Ontario Releases Second Climate Change Annual Report
McGuinty Government Making Progress On Climate Change Goals
Ontario is making significant progress in cutting its greenhouse gas (GHG) emissions according to the Climate Change Action Plan 2008-2009 Annual Report released today.
This is the second annual progress report on the government's Climate Change Action Plan. The plan, released in 2007, set out a framework that demonstrated Ontario's leadership to reduce GHG emissions and fight climate change.
Over the past two years, Ontario has taken substantive actions that include:
- Setting tough climate change reduction targets, in place since 2007
- Phasing out use of coal-generated electricity - the single largest GHG reduction initiative in Canada
- Investing $32.5 billion in 2009 in infrastructure which includes support for green energy and transit
- Working with other jurisdictions, including Quebec and western provinces and states, to develop a cap-and-trade system that aligns with the American approach
- Taking steps to permanently protect over 225,000 square kilometres of the Far North Boreal Region, important for its ability to absorb carbon, making it a globally significant carbon sink
- Considering advice received from Ontario's Expert Panel on Climate Change Adaptation and building on existing initiatives to build a more climate resilient province.
Last year, the Environmental Commissioner of Ontario recommended the province take additional steps to be more transparent in public reporting. The government responded by having the calculations and statistics in this year's report validated by a third party. Ontario is the only jurisdiction to use a third party to validate its emission reduction forecasts.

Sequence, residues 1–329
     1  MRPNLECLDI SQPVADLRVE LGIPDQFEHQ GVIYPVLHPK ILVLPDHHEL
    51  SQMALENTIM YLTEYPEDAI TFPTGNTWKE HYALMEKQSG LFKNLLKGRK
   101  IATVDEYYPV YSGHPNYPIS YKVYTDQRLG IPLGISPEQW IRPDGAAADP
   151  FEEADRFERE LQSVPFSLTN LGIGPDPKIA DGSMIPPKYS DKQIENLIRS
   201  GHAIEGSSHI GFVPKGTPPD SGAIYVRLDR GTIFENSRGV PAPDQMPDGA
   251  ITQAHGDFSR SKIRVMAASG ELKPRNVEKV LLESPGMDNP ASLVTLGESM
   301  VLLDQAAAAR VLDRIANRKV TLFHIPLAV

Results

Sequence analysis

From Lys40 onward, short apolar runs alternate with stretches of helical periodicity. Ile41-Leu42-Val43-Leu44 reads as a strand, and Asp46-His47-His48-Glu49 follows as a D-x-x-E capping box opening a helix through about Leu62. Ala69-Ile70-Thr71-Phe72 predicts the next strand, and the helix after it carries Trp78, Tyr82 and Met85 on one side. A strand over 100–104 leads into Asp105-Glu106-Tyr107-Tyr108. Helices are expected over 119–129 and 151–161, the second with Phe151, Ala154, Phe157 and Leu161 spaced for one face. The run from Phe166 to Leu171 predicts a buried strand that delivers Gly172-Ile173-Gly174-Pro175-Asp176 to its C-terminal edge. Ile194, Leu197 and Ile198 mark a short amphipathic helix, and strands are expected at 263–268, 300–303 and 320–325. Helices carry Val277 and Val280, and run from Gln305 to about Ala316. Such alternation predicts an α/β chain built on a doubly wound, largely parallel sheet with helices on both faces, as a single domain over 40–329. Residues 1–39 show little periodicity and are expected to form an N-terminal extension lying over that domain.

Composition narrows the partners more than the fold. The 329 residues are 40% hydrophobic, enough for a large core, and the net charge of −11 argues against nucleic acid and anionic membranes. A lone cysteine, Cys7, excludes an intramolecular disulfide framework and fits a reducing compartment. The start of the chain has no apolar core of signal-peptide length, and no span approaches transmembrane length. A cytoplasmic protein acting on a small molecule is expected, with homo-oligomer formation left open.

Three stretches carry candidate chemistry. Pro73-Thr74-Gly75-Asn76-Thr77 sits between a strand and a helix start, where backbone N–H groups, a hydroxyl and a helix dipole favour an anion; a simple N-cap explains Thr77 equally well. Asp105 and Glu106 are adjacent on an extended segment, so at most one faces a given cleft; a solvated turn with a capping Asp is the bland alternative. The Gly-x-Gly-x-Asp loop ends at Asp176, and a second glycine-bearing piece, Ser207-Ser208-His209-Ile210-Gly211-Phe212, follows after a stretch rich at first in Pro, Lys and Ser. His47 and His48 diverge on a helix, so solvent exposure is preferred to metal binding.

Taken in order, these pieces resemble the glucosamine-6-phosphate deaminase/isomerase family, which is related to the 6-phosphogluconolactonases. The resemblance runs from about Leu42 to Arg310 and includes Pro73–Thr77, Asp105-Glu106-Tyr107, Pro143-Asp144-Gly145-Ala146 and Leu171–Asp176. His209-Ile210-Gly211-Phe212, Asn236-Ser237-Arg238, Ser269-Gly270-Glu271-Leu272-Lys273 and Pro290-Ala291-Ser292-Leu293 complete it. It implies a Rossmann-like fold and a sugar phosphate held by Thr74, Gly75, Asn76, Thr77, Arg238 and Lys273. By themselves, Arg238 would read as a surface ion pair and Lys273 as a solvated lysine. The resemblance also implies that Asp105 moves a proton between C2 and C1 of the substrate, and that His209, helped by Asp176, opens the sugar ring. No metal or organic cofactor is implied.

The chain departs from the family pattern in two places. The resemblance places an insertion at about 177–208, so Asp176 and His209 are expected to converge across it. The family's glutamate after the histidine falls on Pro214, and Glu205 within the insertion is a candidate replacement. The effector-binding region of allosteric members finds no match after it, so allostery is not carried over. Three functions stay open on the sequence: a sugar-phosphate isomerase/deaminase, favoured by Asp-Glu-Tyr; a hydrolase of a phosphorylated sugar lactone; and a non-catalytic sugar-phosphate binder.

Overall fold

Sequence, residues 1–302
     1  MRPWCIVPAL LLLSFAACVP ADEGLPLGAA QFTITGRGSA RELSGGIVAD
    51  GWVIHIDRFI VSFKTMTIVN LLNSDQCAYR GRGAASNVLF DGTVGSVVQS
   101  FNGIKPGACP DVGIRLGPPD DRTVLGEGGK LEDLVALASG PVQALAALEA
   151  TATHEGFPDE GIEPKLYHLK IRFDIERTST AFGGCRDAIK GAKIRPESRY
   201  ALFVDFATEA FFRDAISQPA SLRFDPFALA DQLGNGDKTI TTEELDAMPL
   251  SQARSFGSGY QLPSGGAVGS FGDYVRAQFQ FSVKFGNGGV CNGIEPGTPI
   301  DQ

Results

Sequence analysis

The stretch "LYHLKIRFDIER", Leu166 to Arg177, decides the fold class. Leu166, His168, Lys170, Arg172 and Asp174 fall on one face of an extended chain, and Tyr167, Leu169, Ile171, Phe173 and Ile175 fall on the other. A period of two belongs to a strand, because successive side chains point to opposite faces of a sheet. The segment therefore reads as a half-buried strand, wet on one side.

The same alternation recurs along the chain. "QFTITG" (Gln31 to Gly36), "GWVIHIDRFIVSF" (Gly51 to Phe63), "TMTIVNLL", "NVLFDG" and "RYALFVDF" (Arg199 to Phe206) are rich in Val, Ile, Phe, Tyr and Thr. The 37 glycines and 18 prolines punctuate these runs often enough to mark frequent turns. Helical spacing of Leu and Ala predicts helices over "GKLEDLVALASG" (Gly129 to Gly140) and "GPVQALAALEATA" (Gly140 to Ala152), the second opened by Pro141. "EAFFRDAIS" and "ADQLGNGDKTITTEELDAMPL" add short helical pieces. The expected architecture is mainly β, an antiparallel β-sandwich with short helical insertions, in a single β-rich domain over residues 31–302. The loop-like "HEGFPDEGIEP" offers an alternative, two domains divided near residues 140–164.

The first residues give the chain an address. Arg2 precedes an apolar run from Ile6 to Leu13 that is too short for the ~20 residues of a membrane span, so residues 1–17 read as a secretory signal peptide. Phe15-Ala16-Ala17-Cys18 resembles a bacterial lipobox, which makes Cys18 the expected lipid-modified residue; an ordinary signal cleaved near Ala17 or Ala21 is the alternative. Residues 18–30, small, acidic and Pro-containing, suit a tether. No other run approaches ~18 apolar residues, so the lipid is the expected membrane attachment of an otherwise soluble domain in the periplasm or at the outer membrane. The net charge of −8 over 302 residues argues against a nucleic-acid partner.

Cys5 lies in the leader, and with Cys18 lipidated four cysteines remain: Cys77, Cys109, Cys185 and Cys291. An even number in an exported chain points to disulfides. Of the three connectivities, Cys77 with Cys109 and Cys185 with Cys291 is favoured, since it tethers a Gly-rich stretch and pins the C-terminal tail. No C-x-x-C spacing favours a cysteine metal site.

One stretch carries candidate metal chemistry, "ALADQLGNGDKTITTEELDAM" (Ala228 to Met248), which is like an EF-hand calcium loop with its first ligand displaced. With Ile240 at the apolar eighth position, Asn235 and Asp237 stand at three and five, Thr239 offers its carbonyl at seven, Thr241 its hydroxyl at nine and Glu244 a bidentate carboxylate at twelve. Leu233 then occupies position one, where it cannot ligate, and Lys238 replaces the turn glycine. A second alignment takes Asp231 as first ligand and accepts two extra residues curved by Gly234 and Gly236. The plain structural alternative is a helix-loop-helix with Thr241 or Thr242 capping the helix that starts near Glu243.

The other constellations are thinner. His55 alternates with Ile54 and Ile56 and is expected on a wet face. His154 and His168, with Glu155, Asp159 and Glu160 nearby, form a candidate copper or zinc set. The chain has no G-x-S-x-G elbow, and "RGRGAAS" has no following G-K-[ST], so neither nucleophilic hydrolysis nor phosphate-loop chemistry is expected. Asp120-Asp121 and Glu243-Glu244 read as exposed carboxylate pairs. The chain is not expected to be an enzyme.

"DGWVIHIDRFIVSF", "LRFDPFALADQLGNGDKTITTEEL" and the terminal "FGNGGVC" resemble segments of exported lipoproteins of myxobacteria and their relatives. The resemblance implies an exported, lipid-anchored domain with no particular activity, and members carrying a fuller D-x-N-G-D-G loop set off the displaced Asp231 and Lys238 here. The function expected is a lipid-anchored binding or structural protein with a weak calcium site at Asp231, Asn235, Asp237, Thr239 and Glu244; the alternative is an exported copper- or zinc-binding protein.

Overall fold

- From 1990 to 2007, Ontario's GHG emissions rose 13 per cent; Canada's rose 26 per cent.
- By 2007, Ontario emitted an average of 15.4 tonnes of GHG emissions per capita - the fourth lowest of all Canadian provinces.
- If Ontario reaches its targets for 2020, Ontario's per capita emissions will fall to just over 10 tonnes per person - less than half of today's national average.
- In 2007, three fossil fuels - coal, natural gas and refined petroleum products - were the source of 75 per cent of Ontario's GHGs.
- Ontario's Climate Change Action Plan calls for reducing greenhouse gases by six per cent from 1990 levels by 2014, and 15 per cent by 2020.
- The GHG reduction projections contained in the report have been validated by a third party - E.H. Pechan & Associates.
“Ontario has been very proactive on climate change. We've made progress, but clearly we must do more if we are to preserve this planet for the generations to come. In Copenhagen later this month, I will be sharing with others the measures we are taking to lead the fight against climate change.”